Friday 24 May 2013

International pharmaceutical harmonization

Tim Sandle offers his thoughts on the development of pharmaceutical regulatory harmonization, outlining the benefits and coming changes.

What are the benefits of harmonization?

The benefits of harmonization are multi-faceted. The benefits include ensuring that there is one standard, or set of standards, across different countries and, where applicable, across different industries. This helps with trade. It also helps consumers, patients and clients to know that the equipment produced or tests conducted have been undertaken to a supra-national or internationally recognized benchmark.

Harmonization also allows technologists and scientists an opportunity to shape and adjust guidelines and methods to make sure that they are meaningful and generate the most appropriate results in a consistent manner. Consistency is key really; it is important to know that tests are reliable and that results can be reproduced.

Harmonization benefits drug manufacturers in being able to share data, studies, process technologies; and to use established test methods. This can lead to time and cost savings.
There are also benefits to consumers and patients in either getting faster access to medicines, or access to previously unavailable medicines, and to safer and better quality products.
To draw an example, the World Health Organization has been an institution which has arguably promoted harmonization for the longest time across a range of health and drug initiatives. Recognition in relation to life-enhancing drugs in relation to HIV/AIDS, TB, and malaria are cogent examples. There are, however, a multitude of other areas in the pharma and healthcare fields which fall outside the WHO scope and where harmonization would be an advantage.

Acknowledging these various activities, I would surmise the benefits using three words: quality, safety and efficacy.

What are the ultimate goals of the harmonization movement?

First off, harmonization is part of globalization and a reflection of the greater interconnectedness of nations and people which has been evolving with a fast momentum over the past few decades. This underpins many of the initiatives.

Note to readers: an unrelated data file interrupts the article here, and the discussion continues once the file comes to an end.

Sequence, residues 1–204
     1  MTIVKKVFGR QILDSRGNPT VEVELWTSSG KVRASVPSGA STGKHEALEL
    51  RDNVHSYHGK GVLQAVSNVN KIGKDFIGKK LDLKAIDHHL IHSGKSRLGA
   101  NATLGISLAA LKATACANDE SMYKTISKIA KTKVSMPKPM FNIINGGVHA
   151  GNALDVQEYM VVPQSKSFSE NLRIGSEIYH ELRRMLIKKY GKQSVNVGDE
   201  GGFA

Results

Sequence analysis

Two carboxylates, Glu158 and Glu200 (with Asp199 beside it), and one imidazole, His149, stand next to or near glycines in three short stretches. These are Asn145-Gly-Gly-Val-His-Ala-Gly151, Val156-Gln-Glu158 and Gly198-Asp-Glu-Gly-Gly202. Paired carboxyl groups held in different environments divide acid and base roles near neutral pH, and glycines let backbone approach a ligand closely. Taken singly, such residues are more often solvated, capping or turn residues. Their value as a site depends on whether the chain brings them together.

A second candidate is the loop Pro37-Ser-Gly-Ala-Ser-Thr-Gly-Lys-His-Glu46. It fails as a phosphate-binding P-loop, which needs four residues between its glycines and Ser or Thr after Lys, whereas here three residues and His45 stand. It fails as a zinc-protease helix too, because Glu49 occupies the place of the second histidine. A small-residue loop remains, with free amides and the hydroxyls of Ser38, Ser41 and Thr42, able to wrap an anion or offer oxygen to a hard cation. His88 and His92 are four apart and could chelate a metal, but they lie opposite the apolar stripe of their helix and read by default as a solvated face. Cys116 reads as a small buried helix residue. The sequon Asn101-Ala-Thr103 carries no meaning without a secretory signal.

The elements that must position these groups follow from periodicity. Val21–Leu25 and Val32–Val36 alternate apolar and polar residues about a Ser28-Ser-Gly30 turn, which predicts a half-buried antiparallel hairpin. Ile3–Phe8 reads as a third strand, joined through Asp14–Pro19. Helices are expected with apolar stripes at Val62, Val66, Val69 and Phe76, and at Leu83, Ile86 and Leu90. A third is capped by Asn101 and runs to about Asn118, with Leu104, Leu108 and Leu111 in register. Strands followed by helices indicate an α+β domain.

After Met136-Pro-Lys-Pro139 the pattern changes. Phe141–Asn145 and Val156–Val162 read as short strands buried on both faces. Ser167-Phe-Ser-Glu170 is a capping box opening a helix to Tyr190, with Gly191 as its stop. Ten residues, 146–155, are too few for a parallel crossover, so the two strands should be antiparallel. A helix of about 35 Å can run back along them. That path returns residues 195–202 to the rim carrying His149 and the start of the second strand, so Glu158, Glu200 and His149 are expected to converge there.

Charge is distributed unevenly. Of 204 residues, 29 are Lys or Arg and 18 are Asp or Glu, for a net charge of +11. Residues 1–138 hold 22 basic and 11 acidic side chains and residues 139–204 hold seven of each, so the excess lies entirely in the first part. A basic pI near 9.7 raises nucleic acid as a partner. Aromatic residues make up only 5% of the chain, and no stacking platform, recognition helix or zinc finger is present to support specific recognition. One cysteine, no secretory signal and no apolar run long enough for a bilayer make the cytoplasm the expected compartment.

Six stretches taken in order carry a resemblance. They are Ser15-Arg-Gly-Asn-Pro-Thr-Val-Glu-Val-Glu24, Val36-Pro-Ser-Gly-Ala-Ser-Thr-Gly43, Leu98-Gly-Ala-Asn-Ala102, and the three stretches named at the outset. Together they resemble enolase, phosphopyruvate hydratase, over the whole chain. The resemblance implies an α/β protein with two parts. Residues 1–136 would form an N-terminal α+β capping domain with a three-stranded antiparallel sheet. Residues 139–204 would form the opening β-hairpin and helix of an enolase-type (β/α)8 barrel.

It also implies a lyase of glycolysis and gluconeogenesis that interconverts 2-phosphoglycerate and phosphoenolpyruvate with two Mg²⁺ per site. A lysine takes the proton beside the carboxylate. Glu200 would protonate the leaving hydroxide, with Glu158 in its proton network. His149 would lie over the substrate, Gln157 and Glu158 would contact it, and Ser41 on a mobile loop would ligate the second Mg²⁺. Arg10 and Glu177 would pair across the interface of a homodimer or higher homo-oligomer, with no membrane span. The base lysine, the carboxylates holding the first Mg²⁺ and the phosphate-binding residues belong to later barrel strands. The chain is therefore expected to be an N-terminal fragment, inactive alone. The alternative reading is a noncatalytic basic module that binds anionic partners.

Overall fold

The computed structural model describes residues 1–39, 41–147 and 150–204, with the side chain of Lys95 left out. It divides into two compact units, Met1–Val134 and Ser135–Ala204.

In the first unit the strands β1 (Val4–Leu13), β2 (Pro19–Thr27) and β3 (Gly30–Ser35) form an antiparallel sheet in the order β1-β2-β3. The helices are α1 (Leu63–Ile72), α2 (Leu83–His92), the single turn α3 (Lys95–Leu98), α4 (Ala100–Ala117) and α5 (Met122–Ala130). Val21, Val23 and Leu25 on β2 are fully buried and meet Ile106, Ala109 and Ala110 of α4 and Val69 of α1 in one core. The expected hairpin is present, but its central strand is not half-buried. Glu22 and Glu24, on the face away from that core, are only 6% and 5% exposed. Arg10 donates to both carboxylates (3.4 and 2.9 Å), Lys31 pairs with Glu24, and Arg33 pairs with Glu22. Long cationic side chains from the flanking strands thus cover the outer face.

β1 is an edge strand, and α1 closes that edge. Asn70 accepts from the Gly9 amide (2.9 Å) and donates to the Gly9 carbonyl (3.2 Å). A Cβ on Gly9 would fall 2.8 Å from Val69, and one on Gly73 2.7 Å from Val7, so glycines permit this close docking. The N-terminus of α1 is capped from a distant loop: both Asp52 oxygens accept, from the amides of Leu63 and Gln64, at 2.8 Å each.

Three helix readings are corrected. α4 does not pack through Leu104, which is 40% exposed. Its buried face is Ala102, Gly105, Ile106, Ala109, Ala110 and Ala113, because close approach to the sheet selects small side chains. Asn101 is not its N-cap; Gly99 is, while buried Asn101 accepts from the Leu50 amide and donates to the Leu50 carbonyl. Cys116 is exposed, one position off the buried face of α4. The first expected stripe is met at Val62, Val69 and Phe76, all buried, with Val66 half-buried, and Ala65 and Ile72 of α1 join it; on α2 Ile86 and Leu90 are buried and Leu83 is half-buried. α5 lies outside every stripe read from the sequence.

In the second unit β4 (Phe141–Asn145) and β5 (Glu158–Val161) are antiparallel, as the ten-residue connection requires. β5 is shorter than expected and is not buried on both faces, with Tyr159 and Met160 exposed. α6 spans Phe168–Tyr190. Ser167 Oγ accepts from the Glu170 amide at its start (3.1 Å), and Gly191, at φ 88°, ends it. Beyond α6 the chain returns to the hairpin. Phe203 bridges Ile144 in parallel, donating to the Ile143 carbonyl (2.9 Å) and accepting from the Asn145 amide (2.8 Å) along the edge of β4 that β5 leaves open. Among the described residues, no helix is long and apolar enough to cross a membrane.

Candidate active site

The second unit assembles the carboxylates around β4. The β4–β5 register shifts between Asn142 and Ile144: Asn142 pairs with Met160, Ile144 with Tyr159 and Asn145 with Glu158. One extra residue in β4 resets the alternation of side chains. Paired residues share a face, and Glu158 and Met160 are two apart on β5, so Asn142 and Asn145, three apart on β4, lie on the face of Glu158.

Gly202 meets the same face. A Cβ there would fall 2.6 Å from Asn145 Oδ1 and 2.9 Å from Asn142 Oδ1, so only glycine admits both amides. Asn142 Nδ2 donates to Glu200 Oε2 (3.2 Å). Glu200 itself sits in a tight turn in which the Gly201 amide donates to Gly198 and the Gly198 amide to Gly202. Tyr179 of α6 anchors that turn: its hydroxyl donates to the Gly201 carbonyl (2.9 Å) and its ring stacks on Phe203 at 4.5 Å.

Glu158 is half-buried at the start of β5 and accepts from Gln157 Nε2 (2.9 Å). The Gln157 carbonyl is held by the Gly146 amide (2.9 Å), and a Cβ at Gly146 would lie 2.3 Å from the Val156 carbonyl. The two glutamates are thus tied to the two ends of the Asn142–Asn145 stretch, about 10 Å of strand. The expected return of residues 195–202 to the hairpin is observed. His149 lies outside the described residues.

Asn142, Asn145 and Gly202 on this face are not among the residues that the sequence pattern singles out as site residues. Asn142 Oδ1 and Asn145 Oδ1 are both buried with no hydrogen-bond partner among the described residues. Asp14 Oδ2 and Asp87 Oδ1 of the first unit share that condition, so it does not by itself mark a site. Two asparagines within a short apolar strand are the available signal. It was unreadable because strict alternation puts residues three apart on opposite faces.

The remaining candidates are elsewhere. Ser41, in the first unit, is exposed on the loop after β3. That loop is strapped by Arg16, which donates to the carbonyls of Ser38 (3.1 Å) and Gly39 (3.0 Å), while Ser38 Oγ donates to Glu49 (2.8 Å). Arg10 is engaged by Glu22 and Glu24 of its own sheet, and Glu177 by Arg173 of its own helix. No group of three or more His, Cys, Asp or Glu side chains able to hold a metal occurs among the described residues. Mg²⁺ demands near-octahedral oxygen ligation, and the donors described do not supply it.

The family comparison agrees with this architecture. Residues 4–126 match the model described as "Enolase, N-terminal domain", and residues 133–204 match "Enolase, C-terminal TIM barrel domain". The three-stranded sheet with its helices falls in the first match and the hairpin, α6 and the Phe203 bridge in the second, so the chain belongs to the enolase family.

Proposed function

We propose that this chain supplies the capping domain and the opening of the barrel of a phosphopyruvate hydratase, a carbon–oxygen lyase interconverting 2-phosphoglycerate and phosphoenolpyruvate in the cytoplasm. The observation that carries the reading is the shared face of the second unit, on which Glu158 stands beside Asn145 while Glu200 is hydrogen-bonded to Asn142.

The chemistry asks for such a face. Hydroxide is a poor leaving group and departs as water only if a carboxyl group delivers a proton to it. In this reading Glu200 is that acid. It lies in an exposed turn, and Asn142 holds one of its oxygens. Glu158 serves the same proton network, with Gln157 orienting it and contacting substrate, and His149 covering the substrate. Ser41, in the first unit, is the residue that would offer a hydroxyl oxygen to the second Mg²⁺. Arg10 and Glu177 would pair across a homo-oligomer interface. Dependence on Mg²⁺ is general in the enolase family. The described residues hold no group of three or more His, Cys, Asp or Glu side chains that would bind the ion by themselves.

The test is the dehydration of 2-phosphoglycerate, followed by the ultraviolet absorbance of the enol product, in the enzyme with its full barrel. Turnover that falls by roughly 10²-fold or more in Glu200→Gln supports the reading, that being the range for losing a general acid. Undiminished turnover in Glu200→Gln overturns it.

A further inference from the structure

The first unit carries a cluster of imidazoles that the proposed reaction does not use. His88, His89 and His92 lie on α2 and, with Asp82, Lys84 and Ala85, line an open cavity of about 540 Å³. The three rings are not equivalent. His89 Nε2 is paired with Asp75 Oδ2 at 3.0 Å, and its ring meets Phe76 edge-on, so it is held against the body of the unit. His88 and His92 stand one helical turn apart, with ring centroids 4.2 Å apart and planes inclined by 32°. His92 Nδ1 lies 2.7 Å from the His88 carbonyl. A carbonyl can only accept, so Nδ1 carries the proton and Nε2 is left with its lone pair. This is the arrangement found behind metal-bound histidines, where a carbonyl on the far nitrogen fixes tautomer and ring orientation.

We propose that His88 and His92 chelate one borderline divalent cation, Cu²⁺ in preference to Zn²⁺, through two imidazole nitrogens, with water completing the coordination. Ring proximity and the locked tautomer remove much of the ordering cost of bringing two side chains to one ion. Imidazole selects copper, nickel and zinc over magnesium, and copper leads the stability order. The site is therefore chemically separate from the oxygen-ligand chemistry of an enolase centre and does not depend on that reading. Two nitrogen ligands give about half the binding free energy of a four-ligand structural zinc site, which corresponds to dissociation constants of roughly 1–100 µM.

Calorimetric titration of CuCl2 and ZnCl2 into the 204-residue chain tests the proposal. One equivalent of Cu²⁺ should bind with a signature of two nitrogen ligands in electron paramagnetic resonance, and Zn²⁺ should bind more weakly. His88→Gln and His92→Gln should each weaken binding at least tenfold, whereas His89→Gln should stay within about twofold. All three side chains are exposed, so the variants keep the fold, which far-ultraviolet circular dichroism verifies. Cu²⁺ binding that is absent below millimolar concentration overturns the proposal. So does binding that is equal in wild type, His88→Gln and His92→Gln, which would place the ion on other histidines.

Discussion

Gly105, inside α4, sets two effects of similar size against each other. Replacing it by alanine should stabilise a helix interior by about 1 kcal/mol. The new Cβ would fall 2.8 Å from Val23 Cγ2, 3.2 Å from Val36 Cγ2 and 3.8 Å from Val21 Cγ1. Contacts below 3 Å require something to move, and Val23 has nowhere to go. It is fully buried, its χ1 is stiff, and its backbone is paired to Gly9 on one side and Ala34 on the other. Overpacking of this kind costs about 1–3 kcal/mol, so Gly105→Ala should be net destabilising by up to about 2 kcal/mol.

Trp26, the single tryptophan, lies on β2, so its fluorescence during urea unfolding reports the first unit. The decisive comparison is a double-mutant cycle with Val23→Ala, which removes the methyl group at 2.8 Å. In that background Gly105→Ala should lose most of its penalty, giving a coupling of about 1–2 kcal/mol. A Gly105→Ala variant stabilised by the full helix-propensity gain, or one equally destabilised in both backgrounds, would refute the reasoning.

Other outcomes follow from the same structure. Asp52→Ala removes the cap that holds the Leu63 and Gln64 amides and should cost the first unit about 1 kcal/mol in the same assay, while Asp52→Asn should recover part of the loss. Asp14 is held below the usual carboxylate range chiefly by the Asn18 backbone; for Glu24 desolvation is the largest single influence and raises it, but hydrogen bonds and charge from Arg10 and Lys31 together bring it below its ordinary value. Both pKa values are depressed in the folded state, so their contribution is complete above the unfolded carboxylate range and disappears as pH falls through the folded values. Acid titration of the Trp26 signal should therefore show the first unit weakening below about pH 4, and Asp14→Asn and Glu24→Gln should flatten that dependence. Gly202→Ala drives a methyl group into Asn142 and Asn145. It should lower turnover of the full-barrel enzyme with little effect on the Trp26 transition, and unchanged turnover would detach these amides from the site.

The goals of harmonization will be different depending upon which stakeholder offers their view. Politicians and businesses will see economic advantages, and to an extent with quality and safety.  Scientists, like myself, will see harmonization as the means by which quality can be inbuilt into tests and processes to peer reviewed international standards.

The goals is in finding ways for regulatory representatives from drug manufacturers and researchers to work together to raise standards and to push through drug approvals.

 What are the main challenges of harmonization?

The overarching challenge is with integrating national standards with international standards in ways which will be universally acceptable. This task leads to the main challenges which are, foremost, dealing with the different views of national committees and attempting to move beyond the parochialism of "we've always done it this way".  After these come the various technical challenges in reaching points of agreed understanding and developing agreed methodologies.  Then comes the complexities of the review process and finalization.  Good review practices help to promote transparency and consistency.
Once these barriers have been overcome, there are challenges between what the scientific consensus may be and the resultant costs to industry.

One of the reasons that the international cleanroom standards ISO 14644 parts 1 and 2 were sent back to the drawing board were because those interested in the statistics of sampling and with a focus upon contamination control proposed, wisely in my view, that the number of locations for monitoring within a cleanroom should be increased to make the sampling of airborne contaminants more representative. This was opposed, however, my certain pharmaceutical companies who saw the added costs to their operations. Over this there was, to a degree, a divide between the European delegation and the North American delegation. The dispute has pushed the revision of the standard back at least eighteen months.

What the obstacles standing in the way of harmonization?